5 tips to raise tidy, helpful kids by modeling tidy & helpful behavior, teaching them to clean up after themselves, letting them help, and giving them responsibility and autonomy.
My favorite part of being a mom is the moments Emi totally catches me by surprise and all I can do is sit and marvel at how awesome she is.
Like when she shows kindness and compassion to a friend, even if its just a stuffed animal.
Or when she wakes up one morning and can suddenly draw the letter M, something we’ve been working on for weeks.
One that never fails to catch me by surprise is when she cleans up after herself without any prompting.
I love that one because its a testament to me that all the tiny teaching moments I’ve taken advantage of since before Emi could walk are paying off. We’re raising a tidy helper who will grow into a responsible adult.
why you should want to raise tidy, helpful kids
As parents our primary goal and responsibility is to raise our kids to be contributing members of society. We want them to be successful, well-adjusted, kind, considerate, confident, and responsible. These things don’t just happen. It requires intentional guidance and teaching.
Teaching kids to be tidy and helpful is a great place to start building the foundation that will lead to these other important qualities.
Plus, tidy and helpful kids turn into tidy, helpful, independent teenagers. This means less work for you in the long run.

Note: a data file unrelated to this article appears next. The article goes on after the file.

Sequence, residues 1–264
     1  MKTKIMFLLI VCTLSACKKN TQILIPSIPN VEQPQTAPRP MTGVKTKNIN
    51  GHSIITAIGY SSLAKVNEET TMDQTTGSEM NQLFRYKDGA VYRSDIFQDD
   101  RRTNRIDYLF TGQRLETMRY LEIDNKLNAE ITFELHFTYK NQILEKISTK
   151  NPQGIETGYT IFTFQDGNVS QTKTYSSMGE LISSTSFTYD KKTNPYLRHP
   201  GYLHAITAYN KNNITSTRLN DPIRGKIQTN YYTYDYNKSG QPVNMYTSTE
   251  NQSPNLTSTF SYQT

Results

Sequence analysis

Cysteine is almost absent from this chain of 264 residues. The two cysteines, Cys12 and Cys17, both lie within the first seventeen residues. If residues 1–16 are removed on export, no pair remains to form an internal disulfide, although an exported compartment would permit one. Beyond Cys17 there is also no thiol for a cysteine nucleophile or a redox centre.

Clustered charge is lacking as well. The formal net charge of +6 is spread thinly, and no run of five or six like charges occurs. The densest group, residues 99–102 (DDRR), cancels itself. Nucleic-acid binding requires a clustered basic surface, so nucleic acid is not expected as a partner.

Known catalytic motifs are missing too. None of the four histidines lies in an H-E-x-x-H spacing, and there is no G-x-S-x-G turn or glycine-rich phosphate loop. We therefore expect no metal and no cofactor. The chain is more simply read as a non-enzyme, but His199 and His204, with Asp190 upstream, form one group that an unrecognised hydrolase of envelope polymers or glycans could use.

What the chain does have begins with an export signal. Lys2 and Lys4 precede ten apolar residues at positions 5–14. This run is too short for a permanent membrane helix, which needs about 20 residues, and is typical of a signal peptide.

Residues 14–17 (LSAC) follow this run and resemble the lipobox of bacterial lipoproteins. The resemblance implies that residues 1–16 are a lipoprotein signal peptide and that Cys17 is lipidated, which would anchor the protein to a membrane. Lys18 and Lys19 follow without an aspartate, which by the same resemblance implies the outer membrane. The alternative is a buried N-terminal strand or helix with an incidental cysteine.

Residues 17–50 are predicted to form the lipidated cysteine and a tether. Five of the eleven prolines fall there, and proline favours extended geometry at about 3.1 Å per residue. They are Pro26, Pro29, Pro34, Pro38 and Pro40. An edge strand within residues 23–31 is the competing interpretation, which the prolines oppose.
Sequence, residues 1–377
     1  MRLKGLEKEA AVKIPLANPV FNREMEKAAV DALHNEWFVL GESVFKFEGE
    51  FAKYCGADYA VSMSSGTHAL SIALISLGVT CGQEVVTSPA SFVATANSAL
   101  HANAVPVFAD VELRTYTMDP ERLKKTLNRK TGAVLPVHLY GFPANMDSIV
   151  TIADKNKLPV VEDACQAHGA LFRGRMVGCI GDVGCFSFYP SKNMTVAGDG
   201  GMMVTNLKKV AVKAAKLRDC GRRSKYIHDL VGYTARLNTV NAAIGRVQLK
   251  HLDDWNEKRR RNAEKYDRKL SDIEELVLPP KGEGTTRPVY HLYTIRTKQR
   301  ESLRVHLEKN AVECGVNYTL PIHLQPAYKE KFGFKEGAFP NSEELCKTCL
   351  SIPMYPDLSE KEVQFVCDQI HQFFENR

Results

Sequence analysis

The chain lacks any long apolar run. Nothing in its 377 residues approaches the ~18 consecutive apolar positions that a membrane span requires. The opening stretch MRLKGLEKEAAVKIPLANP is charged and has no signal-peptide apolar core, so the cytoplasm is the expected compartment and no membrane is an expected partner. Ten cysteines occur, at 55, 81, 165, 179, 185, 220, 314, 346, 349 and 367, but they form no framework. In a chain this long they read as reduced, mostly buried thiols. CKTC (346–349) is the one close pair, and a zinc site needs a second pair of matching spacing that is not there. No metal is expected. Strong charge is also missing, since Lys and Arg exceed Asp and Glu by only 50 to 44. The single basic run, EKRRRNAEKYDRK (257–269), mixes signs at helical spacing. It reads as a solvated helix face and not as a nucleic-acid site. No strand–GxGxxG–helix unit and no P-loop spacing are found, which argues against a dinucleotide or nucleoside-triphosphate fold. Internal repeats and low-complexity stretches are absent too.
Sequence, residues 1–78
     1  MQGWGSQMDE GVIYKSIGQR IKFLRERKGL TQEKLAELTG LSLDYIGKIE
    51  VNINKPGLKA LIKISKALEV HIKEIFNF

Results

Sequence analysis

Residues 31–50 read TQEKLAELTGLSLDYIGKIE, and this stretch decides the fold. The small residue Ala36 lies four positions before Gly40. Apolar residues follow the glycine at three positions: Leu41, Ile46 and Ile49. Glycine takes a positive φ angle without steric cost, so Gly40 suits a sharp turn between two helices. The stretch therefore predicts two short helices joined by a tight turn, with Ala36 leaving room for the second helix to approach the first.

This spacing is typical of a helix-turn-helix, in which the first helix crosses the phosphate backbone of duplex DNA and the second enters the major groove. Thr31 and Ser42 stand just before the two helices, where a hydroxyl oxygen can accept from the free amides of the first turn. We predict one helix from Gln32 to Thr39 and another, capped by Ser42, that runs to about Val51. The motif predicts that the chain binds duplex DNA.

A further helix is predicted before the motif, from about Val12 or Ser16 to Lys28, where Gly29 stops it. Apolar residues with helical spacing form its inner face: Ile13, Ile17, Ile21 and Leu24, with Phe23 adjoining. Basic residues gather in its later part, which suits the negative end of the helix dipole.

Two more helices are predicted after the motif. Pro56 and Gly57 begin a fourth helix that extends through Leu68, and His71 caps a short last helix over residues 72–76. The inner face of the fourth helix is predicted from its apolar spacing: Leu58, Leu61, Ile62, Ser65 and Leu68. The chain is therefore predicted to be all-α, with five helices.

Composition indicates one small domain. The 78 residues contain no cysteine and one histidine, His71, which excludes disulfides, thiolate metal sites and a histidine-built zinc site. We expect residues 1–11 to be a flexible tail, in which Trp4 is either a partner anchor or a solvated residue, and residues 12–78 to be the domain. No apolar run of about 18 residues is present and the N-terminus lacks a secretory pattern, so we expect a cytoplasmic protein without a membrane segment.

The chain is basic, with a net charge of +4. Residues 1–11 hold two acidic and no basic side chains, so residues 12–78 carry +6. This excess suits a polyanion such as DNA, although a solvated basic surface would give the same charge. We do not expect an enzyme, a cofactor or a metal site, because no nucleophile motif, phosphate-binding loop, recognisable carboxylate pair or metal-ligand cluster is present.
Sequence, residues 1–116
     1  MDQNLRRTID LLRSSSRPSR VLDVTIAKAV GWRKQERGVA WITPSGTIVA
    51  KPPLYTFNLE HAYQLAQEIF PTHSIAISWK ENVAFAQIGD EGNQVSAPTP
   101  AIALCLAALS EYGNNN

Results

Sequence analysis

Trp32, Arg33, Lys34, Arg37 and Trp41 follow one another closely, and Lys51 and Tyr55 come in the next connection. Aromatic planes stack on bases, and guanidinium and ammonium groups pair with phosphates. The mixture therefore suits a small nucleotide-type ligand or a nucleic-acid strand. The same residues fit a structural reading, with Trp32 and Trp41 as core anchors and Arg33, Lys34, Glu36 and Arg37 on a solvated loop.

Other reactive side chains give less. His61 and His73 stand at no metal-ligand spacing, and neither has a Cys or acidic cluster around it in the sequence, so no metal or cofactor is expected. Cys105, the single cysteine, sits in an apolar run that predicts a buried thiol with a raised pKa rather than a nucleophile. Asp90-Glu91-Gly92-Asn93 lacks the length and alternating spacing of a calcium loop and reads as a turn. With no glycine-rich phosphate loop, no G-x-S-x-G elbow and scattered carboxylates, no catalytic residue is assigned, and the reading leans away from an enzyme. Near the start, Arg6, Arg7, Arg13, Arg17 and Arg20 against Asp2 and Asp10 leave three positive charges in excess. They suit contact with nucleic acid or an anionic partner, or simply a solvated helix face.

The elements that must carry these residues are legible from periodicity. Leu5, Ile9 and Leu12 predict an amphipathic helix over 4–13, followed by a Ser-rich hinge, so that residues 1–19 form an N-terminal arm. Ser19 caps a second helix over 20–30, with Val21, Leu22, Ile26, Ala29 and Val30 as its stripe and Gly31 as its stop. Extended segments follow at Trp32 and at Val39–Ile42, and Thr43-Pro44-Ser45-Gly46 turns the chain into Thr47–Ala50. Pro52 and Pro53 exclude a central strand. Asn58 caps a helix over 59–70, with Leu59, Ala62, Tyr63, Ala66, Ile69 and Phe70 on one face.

And kids really want to help! As early as 12-months-old I would catch Emi copying things she saw me doing all the time like putting on my makeup, vacuuming, and cleaning.
My sweet husband has a knack for reminding me of everyday teaching moments that double as chores and kid entertainment. Just the other day he was playing with Emi but also needed to get some laundry done so instead of telling her she had to go play by herself he enlisted her help. They worked on the laundry together and she loved every minute of it!
how to raise tidy & helpful kids
1. model tidy & helpful behavior
All parenting should start here. Kids are always watching what we do and know when we’re big fat hypocrites. If you want to raise tidy, helpful kids the first step is to be tidy and helpful yourself.
You’ll be surprised at how many behaviors your kids pick up all on their own and how fast they will pick things up when a little formal teaching is required.
2. teach kids to clean up after themselves
Before we go much further I better make sure we’re all on the same page about what I mean by tidy. At its core I mean this, they clean up after themselves. If they make a mess, they clean it up. Simple but not something most kids grasp on their own.
One of the first and most obvious chores you can give your child is to clean up their own toys but don’t stop there. Help them put their clothes in the laundry hamper at the end of the day and throw away their own garbage.
As they grow, they expand their responsibilities according to their abilities. Eventually they will be able to put their own dishes in the sink and wipe up their own spills and messes.
The important thing is to weave these tidiness opportunities into your everyday life. Clothes come off, they go straight in the hamper, not on the floor to wait until the next time the room gets cleaned. Tidiness is not cleaning, it’s not an event or chore, its a way of life.
3. let kids help